30. As an alternative to complaining to the local authority, a person aggrieved by the existence of a statutory nuisance can also make a complaint to the Magistrates' Court - s.82(1). The complainant must give the defendant at least 21 days' notice (3 days' notice in the case of noise nuisance) of his intention to bring proceedings - s.82(6) and s.82(7). If the Court is satisfied that the alleged nuisance exists, or that although abated it is likely to recur on the same premises, it must make an order (commonly known as an "abatement order") requiring the defendant to abate the nuisance, within a time specified in the order, and to execute any works necessary for that purpose; and/or prohibiting a recurrence of the nuisance, and requiring the defendant, within a time specified in the order, to execute any works necessary to prevent the recurrence - s.82(2). It may also fine the defendant an unlimited amount. If the Court is of the opinion that the nuisance complained of renders premises unfit for human habitation, it may prohibit the use of those premises for human habitation until the premises are rendered fit for that purpose, to the Court's satisfaction - s.82(3).

31. Breach of an abatement order without reasonable excuse is a criminal offence - s.82(8). The maximum penalty is an unlimited fine and a further daily fine of £500 for each day that the offence continues after conviction - s.82(9). As a result of s.85(1) Legal Aid, Sentencing and Punishment of Offenders Act 2012 the maximum penalties for breach of an abatement order are the same, regardless of the type of premises on which the nuisance arises, but, as with the offence of breaching an abatement notice, it is a defence to a prosecution for breaching an abatement order that the "best practicable means" were used to prevent, or to counteract the effects of, the nuisance, where the nuisance arises on industrial, trade or business premises - s.82(9) and s.82(10).

32. Where proceedings are brought under s.82, the Court has a number of additional powers and duties. First, where a person is convicted of breaching an abatement order, it may direct the relevant local authority (after giving it an opportunity of being heard) to do anything which the person convicted was required to do by the abatement order to which the conviction relates - s.82(11). Second, where it is proved that the alleged nuisance existed at the date of the making of the complaint then, whether or not at the date of the hearing it still exists or is likely to recur, the Court must order the defendant(s) to compensate the complainant for any expenses properly incurred by him in the proceedings - s.82(12). Third, if it appears to the Court that neither the person responsible for the nuisance nor the owner or occupier of the premises can be found, then it may direct the relevant local authority to do anything which the Court would have ordered that person to do (after giving the relevant local authority an opportunity of being heard) - s.82(13).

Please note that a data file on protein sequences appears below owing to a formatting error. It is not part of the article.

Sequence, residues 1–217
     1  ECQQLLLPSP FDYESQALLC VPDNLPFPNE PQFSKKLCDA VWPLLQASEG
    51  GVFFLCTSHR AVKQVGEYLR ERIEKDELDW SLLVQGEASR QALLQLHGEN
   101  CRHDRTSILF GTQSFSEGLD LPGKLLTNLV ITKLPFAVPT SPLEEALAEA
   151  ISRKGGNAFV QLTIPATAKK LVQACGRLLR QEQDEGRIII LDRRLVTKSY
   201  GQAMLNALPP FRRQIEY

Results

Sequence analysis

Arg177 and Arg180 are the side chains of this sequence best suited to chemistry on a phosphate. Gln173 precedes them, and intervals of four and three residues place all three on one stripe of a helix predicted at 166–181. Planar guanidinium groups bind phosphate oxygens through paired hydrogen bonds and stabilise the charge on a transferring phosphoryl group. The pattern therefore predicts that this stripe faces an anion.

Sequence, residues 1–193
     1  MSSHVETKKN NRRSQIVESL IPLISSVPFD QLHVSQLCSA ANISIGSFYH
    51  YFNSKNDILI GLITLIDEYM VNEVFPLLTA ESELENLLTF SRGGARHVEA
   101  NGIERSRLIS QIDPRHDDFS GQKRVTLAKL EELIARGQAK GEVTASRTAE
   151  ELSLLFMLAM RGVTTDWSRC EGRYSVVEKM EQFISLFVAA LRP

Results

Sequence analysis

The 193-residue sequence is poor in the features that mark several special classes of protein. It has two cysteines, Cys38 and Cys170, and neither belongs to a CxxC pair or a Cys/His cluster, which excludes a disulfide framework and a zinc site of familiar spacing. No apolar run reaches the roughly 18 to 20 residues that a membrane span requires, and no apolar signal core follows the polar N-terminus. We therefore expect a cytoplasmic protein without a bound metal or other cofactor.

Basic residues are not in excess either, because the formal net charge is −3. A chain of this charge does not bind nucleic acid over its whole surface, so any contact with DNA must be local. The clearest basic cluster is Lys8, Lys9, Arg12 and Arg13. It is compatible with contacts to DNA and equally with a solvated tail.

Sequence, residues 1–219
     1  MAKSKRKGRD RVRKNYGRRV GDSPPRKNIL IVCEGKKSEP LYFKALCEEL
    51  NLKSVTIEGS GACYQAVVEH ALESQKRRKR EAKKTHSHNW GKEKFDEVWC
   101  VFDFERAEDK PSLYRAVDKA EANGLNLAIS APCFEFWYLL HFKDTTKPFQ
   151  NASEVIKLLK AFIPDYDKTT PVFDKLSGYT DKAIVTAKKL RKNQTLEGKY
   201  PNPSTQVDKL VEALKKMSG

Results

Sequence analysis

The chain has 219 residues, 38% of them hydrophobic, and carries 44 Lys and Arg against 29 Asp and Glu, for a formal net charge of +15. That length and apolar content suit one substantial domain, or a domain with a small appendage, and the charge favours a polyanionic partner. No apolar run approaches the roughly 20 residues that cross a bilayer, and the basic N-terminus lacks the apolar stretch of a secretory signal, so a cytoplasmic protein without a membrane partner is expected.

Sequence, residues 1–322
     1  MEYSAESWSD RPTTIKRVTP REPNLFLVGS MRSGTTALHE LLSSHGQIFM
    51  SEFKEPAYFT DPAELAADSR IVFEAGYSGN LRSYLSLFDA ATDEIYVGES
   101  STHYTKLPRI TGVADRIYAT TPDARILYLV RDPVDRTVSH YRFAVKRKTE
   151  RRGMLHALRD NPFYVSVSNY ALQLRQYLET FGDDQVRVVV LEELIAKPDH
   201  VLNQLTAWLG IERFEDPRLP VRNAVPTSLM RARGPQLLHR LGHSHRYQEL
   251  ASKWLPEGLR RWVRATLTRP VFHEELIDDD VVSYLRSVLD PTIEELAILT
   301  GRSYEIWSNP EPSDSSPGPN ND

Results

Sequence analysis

33. Part IV - Litter:Part IV of the Act contains controls over litter and provides local authorities with powers to deal with it. "Litter" is defined non-exhaustively as including discarded cigarette ends and discarded chewing-gum - s.98(5A). Responsibility for dealing with litter falls on local authorities, which are designated as "principal litter authorities" - s.86(2) (England and Wales) and s.86(3) (Scotland).

34. Throwing down, dropping or otherwise depositing litter in the area of a principal litter authority which is open to the air is a criminal offence - s.87(1). The offence is a summary-only offence, for which the maximum penalty is a £2,500 fine - s.87(5). As an alternative to prosecution, a principal litter authority may issue a fixed penalty notice - s.88(1). The maximum fixed penalty notices are £75 in England and Wales - s.88(6A) and £80 in Scotland - s.88(6).

35. Although local authorities are generally responsible for keeping land in their areas clear of litter, responsibility for keeping highways clear of litter falls on local authorities in relation to highways for which they are responsible and on the Secretary of State in relation to trunk roads and other roads for which he is responsible - s.89(1). In addition, the Crown is responsible for Crown land and statutory undertakers are responsible for their land. The responsibility is a qualified duty to ensure that land is, so far as is practicable, kept clear of litter and refuse - s.89(1).

36. Where any person is aggrieved by the defacement, by litter or refuse, of any land or highway, that person may make a complaint to the Magistrates' Court - s.91(1). In the case of a highway, any person may also make a complaint that "he is aggrieved by the want of cleanliness" of the highway - s.91(2). Proceedings must be brought against the person who has the duty to keep the land or highway clear of litter - s.91(4) - and cannot be brought by a principal litter authority - s.91(3). If the Court is satisfied that the highway or land in question is defaced by litter or refuse (or in the case of a highway, is wanting in cleanliness) the Court may make a "litter abatement order" requiring the defendant to clear the litter or refuse away (or to clean the highway) within a time specified in the order - s.91(6). Failure to comply with a litter abatement order without reasonable excuse is a criminal offence. The offence is summary-only and the maximum penalty is a £2,500 fine, with a further fine of £125 for each day on which the offence continues after the conviction - s.91(9).